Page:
The house next to Georgia Power’s office on Confederate Avenue in Dallas may look new, but the structure was built in 1893.
The home likely was built out of wood, as was typical for that time, and originally was owned by William Henry and Sarah Matthews Bone. Sarah Matthews Bone was the granddaughter of Malachi Pickett, who owned the land where Pickett’s Mill State Park now stands. Her husband ran a butcher shop on Main Street from 1897 until 1901.
In 1903, the Bones moved to Atlanta, selling the house to John Terrell Finch, a Confederate veteran who had fought in the Civil War. Finch spent most of his life as a farmer in the High Shoals community, and he bought the home in downtown Dallas at the age of 70, six years before he died.
“That was real common back then,” said Jason Edwards, Paulding County’s historian. “The prosperous farmers when they got older, if they could afford it, they would sell their farms to their sons and buy a house in town.”
After Finch’s death in 1909, his wife kept the house, renting it to Robert S. and Sally Watson Briggs until eventually selling it to the couple in 1919. Robert Briggs was a shoemaker and ran a shoe shop in town. He died in 1924, and after his death, his widow rented the house off and on until she sold it to Oscar William and Johnie Butler Durham in 1946.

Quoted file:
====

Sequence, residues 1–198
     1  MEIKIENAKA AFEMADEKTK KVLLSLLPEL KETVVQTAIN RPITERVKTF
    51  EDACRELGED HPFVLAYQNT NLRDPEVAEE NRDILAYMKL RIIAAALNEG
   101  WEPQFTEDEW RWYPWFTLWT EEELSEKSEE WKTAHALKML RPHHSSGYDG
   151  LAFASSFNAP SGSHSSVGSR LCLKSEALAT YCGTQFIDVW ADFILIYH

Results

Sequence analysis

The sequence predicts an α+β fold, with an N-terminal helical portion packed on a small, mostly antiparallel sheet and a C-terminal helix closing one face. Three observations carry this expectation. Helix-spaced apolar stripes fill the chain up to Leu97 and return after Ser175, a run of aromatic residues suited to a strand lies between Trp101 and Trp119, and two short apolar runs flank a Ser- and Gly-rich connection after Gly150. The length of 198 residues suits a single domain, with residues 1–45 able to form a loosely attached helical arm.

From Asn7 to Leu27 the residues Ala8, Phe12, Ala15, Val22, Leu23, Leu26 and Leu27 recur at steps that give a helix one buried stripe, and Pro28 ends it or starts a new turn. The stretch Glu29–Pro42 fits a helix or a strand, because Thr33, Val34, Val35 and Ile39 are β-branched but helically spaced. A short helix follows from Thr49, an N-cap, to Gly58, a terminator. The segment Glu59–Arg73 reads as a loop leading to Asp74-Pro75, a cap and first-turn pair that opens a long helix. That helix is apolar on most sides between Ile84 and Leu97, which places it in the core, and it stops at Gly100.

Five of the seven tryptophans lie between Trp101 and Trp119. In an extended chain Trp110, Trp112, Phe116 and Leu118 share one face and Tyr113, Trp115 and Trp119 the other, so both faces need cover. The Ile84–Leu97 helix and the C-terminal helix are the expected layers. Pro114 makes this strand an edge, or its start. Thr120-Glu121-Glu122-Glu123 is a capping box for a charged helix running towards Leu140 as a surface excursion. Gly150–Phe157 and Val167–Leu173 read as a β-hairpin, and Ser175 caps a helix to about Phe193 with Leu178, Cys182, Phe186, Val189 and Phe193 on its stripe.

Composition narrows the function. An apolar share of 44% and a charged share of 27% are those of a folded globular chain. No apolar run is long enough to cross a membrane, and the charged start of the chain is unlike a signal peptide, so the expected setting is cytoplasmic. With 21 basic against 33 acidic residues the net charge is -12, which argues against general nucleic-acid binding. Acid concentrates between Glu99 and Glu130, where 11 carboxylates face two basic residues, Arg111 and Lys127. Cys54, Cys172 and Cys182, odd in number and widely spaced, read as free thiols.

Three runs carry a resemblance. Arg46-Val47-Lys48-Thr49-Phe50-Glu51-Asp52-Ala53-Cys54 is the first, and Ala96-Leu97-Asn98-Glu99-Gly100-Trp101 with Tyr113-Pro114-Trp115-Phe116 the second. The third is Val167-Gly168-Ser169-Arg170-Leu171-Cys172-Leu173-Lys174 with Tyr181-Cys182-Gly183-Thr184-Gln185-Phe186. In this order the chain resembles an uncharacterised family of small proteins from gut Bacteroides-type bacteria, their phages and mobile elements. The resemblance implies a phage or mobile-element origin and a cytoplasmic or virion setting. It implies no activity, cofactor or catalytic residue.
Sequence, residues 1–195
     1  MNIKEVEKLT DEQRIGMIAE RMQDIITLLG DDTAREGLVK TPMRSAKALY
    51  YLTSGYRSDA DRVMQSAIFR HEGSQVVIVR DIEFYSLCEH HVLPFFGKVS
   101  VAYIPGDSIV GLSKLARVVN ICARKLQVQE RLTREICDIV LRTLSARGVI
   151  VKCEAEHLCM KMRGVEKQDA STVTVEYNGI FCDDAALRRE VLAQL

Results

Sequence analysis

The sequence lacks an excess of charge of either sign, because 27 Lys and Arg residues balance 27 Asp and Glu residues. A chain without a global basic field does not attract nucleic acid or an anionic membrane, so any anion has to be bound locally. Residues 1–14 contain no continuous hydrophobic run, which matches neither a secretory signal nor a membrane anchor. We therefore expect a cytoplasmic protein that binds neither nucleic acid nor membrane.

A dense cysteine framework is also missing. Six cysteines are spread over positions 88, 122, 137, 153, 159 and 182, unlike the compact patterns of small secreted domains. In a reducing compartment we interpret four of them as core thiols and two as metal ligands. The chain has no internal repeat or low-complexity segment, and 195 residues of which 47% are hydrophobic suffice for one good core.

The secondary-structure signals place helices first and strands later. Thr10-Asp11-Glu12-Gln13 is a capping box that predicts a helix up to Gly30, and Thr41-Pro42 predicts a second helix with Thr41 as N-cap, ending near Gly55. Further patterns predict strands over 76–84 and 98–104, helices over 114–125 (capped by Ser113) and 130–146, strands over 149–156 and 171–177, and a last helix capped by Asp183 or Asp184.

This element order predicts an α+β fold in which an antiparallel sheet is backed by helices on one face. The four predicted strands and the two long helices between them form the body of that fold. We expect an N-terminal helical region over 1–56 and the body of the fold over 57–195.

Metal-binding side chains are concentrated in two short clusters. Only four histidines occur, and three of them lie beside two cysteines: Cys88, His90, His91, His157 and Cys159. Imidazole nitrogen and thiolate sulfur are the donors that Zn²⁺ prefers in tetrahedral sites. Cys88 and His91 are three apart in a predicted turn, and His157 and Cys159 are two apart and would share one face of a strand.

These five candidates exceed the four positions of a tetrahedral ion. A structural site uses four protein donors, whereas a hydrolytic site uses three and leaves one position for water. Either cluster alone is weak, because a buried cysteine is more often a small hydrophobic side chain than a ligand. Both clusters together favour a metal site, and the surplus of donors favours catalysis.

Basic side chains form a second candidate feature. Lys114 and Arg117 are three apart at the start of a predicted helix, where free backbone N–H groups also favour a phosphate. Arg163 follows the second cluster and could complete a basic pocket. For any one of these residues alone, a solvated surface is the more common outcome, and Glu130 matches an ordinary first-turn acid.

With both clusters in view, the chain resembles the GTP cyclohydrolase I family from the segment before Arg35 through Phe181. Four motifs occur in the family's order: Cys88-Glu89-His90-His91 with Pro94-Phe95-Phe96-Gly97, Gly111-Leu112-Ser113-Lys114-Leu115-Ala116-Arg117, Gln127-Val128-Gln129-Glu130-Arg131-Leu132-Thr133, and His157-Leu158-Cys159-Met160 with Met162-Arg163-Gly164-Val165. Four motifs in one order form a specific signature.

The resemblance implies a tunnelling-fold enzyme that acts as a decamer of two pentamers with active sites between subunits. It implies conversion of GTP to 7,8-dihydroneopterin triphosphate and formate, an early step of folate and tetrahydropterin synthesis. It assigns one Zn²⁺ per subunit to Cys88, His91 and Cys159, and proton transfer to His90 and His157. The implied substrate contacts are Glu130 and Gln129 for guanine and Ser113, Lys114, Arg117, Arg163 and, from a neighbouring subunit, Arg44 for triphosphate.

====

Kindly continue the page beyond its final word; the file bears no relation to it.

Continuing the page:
According to the book The Heritage of Paulding County, Georgia 1832-1999, Durham received his first teaching contract in 1911 with the Paulding County Board of Education, and he finished his education at the Southern School of Telegraphy in Newman in 1913.
He taught in several two-room elementary schools before starting work with Southern Railway in 1916, and then joined the Army in 1917, serving overseas for six months before being discharged in 1919.
Edwards said he didn’t know who owned the house after Durham and said that house likely is currently vacant.
“I know the Durhams lived there for a long, long time,” Edwards said.
About eight years ago, vinyl siding was added to the outside of the house and new windows were installed. But one aspect has remained the same—the house still has what likely are original sidelights, the skinny windows around the door.